SAN FRANCISCO—Artificial intelligence is a big buzzword in R&D right now, but at Novartis, it’s hard at work in the sales department, too.
Amid far more meetings with digital companies at the J.P. Morgan Healthcare Conference this year, Novartis’ pharma CEO Paul Hudson said he expects 2019 to be the “beginning of the tech disruption” for pharma, in everything from marketing to supply chain.
In past years at JPM, Hudson mainly checked out early-stage biotech companies for potential partnerships, he told FiercePharma. This year? It’s about half health-tech companies, he said.
Obviously, Novartis is jumping right in, as part of CEO Vas Narasimhan’s push to transform the entire company using digital tech. In the field, the drugmaker has equipped salespeople with an AI service that listens to their conversations with doctors and not only suggests other doctors to visit, but subjects to talk up during their meetings.
The program’s “virtual assistant” helps salespeople “plan better, move better and make sure when they show up to see a healthcare professional, they are talking about the things that the healthcare professional is absolutely interested in,” Hudson said.
“When you turn up at the right time with the right things to say, they’re more interested and put more value in it, and our people like the fact that AI is running in the background helping them plan their day,” he added.
In the long run, the program will help the company become more efficient, Hudson said, also citing telemedicine and improved distribution systems as potential digital shakeups heading for the pharma industry.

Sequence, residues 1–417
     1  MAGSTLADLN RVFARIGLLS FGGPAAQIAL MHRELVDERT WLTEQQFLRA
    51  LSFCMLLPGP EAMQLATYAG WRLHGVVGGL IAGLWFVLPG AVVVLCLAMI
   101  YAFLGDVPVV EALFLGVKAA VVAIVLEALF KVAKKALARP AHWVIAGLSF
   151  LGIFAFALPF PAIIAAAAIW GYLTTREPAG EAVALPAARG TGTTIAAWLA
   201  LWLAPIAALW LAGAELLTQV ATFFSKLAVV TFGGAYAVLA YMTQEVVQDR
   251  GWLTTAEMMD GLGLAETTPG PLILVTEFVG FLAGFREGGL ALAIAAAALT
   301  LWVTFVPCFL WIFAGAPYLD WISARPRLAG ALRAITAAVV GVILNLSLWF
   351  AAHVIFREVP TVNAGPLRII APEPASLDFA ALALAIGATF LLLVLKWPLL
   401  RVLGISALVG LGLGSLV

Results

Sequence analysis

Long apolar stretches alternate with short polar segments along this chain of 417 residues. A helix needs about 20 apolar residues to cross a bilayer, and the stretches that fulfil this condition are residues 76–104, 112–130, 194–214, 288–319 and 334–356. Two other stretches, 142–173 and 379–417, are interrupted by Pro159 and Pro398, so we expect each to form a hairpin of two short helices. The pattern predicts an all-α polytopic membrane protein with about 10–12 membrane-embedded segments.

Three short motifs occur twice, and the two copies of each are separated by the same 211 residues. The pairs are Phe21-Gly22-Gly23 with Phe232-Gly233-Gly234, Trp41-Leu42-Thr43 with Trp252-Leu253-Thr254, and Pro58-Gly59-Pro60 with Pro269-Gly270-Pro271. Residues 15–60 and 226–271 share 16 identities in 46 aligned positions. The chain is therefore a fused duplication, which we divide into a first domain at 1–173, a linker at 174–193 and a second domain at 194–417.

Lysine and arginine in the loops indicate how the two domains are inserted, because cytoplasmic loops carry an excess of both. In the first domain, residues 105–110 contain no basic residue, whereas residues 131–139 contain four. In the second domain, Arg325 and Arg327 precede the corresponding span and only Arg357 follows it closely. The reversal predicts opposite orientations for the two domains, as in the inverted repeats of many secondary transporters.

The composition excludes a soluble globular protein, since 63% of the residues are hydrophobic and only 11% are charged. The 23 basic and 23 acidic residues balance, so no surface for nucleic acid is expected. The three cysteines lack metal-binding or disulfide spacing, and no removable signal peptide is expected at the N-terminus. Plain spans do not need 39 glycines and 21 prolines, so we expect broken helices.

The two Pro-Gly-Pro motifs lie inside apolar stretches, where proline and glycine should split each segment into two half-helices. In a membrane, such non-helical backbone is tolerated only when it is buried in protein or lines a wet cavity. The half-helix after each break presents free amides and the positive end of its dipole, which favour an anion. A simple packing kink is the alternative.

Under Narasimhan, Novartis has placed a big emphasis on digital. The company in 2017 appointed Bertrand Bodson as its first chief digital officer. In March, the drugmaker teamed with Pear Therapeutics to create software applications to treat patients with schizophrenia and multiple sclerosis. The partners just launched an opioid addiction app this week.
Of course, Novartis isn’t alone in its digital quest. Pfizer, Merck and GlaxoSmithKline also appointed their first chief digital officers over the past couple years, signaling how the trend is taking hold at top drug companies.
Merck appointed former Nike executive Jim Scholefield as its digital lead, while GSK tapped former Walmart executive Karenann Terrell as its chief digital and technology officer. For GSK’s consumer unit, the company picked up former Google and L’Oreal executive Marc Speichert. Pfizer, for its part, named former Quest Diagnostics executive Lidia Fonseca to serve as chief digital officer under new CEO Albert Bourla.